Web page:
Two hundred and fifty Hamilton County school administrators, pre-K and kindergarten teachers will gather on Tuesday to learn more about how to help students develop the skills they need to get a successful start in school. The first Pre-K/Kindergarten Institute will meet from 8:30 a.m.-4:30 p.m. at the University Center on the campus of UTC.
Educator Jonathan Fribley will be the keynote speaker. Mr. Fribley is a long-time early educator, coach and mentor from St Cloud, Mn., who leads professional development focused on young children’s language and literacy development, adult-child interaction, and children’s thinking. Mr. Fribley recently joined the Center for Early Education and Development at the University of Minnesota and is in the last year of a 4-year early literacy project with the United Way of Miami. He believes, as Garrison Keillor says, “Nothing you do for a child is ever wasted.”
“Kindergarten is where students really start to read,” says Becky Coleman, director of Literacy for Hamilton County schools. “We are using data from Read 20’s Kindergarten Screening Tool to help us assess what students know and don’t know so that we can target our instruction to the needs of students. We want every student to be successful, and this is the way to make that happen.”
The Hamilton County Department of Education and Read 20 worked together to develop the innovative and much–needed Kindergarten Screening Tool to determine how well a child is prepared as he/she enters kindergarten. The screening tool is research-based and uses a holistic approach including all developmental domains: language, cognition, fine motor, gross motor and social/emotional.
It measures age-appropriate academic skills – for instance, can the student rhyme two words like “cat” and “hat” – but also measures whether a student can stand on one foot or take turns talking in a conversation.
“Skills like these provide the basis for success in school,” says Shawn Kurrelmeier-Lee, Hamilton County’s chief reading officer. “Gross and fine motor skills are important for holding pencils and drawing letters, and social skills are important for listening and successful classroom interactions.”
Most four-year-olds will not have mastered all of these skills, but the more skills they know, the easier it will be to master the all-important task of learning to read, said officials.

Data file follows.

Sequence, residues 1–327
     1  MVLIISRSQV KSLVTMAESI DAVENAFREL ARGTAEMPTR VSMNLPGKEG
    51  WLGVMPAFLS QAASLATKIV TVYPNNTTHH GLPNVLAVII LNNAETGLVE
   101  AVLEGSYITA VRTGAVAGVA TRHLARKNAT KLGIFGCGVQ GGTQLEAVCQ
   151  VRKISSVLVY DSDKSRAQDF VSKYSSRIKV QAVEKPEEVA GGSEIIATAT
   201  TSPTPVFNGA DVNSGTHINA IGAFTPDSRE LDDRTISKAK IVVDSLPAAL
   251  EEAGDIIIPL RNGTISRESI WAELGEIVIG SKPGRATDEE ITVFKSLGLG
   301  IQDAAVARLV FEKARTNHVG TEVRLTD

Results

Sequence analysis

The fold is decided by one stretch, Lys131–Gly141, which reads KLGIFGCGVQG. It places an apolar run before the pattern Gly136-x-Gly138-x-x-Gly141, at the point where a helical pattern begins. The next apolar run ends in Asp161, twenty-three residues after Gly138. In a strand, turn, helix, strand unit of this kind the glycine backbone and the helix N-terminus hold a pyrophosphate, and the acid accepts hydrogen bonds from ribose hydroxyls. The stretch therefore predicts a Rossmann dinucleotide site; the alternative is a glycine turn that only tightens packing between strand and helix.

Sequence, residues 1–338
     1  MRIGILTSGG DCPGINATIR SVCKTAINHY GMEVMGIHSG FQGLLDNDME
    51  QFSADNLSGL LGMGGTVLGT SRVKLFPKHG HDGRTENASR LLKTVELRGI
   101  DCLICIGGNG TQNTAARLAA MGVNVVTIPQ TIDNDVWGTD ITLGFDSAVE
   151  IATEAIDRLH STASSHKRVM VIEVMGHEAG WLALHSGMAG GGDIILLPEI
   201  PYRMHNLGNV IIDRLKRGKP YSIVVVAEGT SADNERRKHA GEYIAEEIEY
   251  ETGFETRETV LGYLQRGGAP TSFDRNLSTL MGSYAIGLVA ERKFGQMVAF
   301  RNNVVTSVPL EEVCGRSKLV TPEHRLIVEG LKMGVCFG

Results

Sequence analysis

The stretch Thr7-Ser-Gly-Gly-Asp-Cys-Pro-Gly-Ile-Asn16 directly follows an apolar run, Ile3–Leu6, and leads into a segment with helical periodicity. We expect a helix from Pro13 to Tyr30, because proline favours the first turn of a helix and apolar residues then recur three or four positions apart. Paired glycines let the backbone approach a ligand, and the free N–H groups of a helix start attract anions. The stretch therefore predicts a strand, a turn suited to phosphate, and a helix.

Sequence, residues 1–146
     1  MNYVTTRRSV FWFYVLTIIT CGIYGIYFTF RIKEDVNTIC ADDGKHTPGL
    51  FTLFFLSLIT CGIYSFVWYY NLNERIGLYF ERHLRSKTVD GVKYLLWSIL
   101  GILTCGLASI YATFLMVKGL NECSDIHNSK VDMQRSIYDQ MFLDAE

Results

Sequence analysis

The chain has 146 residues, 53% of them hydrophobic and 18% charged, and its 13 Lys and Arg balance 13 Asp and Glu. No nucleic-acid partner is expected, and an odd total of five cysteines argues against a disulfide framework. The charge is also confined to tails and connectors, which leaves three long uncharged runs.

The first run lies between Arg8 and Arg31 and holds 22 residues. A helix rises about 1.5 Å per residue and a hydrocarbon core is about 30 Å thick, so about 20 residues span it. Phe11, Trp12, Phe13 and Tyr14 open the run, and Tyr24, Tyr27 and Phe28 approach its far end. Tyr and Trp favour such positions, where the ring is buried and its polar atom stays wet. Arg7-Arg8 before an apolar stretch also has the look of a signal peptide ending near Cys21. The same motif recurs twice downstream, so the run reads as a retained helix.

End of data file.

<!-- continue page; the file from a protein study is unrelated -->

Aggregate data from two years of using the Kindergarten Screening Tool will give teachers at the Institute an idea of overall student preparation, and will help pre-k teachers know what they need to work on before they pass their students on to kindergarten classrooms.
"The Kindergarten Screening Tool has proven to be a unique and valuable resource,” says Ms. Kurrelmeier-Lee, who reports getting requests from all over the country for copies of it.
In addition to assessment, other topics covered at the Kindergarten Institute will include Guided Reading; Shared Reading/Room Arrangement/Purposeful Practice and Writer’s Workshop.
The Pre-K/Kindergarten Institute is an outgrowth of the Scenic City Literacy Conference and continues a partnership between Read 20, Hamilton County schools, and UTC. This year, the United Way of Greater Chattanooga is joining the partnership as well.
Read 20 is a public/private partnership promoting literacy skills for early childhood, in an effort to create a community of readers, and in support of Hamilton County's community literacy goals. Since it was created in 2006, Read 20 has distributed 492,702 books, interacted with over 290,991 children, confirmed at least 47,401 adults reading with children every day and provided resources and training for 2,919 teachers in area public schools and day cares.